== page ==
Palace on Australia’s travel advisory: No heightened terror threat

Palace on Australia’s travel advisory: No heightened terror threat

Responding to the travel advisory, presidential spokesperson Harry Roque qualified that it is “generally” safe for foreigners to travel and do business in the Philippines. PCOO

MANILA, Philippines — The Philippine government has not monitored any increased terror activity in the country, Malacañang said Saturday in a bid to allay fears after Australia warned its citizens about a “high threat” of terrorist attacks.

Australia said the alarming threat of terror attack was prevalent in the whole country, including Manila, as it advised its nationals to exercise “a high degree of caution” when going to areas with low protective security.

Responding to the travel advisory, presidential spokesperson Harry Roque qualified that it is “generally” safe for foreigners to travel and do business in the Philippines.

He said the government already verified with Australian officials that the advisory was not a response to any specific threat, adding that Australia’s assessment was the same as it was at the height of the Marawi rebellion.

“The Philippine government has no information about any increased terror threat in the county and we assure our foreign friends that local authorities have been enforcing tight security measures,” Roque said.

“We understand the concern of the Australian government cautioning its citizens on the Philippines safety or security risks,” he added.

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“The Department of Foreign Affairs has coordinated with other embassies and there is no change in travel advisories on the Philippines issued by other countries.”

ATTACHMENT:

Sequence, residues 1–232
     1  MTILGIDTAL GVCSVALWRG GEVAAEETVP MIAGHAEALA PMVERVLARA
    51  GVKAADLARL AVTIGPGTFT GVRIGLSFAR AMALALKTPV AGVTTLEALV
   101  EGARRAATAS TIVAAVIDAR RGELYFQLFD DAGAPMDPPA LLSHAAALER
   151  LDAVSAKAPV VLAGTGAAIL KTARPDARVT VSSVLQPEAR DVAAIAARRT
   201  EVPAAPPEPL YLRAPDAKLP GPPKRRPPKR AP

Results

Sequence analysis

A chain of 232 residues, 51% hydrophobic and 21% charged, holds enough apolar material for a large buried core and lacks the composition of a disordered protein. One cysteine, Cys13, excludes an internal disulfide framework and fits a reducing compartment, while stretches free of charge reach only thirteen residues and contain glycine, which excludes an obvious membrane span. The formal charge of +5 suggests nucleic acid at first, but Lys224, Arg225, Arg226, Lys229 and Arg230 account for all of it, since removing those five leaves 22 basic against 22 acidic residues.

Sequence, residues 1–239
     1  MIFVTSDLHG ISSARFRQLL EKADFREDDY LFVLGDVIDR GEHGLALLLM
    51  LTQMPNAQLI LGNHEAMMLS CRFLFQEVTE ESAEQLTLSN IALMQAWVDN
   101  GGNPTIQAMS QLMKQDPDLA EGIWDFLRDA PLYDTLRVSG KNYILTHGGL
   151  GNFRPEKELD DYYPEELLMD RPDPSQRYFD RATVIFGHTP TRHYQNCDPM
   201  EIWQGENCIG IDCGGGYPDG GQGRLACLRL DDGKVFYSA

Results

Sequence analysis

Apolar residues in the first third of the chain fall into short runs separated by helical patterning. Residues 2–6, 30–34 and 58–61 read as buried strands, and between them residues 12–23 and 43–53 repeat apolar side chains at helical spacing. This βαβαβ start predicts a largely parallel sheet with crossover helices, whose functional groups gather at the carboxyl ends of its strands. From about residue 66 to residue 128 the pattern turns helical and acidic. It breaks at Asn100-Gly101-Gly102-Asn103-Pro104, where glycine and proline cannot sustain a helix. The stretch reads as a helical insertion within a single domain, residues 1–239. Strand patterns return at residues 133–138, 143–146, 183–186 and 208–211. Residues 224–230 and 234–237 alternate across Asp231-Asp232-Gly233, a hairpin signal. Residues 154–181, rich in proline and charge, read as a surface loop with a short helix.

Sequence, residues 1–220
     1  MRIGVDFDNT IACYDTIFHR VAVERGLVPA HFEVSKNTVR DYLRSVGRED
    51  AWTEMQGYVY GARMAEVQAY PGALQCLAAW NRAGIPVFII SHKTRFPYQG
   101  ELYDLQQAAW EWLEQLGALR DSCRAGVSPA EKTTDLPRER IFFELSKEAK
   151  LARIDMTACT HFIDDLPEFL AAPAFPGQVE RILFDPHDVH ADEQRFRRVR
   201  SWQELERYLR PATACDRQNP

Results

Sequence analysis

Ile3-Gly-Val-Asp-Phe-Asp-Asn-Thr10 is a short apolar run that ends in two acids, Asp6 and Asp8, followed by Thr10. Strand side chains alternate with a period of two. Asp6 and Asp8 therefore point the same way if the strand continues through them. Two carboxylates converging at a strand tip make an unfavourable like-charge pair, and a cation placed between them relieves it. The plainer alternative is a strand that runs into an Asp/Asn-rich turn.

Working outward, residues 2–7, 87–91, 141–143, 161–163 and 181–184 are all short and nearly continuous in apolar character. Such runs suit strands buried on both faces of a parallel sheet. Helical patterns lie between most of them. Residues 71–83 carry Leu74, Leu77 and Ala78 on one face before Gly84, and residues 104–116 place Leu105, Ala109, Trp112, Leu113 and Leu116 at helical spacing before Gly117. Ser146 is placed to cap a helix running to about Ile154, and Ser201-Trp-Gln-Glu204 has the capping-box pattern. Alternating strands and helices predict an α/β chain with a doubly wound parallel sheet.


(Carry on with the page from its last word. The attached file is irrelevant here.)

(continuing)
Australia’s advisory to its citizens came before 21 world leaders — along with the United Nations chief and other high-level officials — arrive in Manila for the 31st Association of Southeast Asian Nations Summit, where fighting extremism is high on the agenda.

It also came on the heels of the government’s declaration of Marawi’s liberation from Islamic State-inspired terrorists — which some critics said was announced prematurely as troops continue their search for “stragglers” in the city.

READ: AFP: Marawi liberation announcement not premature

For its part, the Department of National Defense assured the public that Australia’s advisory should not be a cause for concern.

“This should not be a cause for undue alarm since issuing regular travel advisories to citizens is commonly practiced by many countries, including Australia, especially in light of the spate of violent incidents that have been happening all over the world in recent times,” the DND said in a separate statement.

“Nevertheless, we enjoin everyone to remain vigilant and report to the proper authorities any suspicious activities in your area,” it added.

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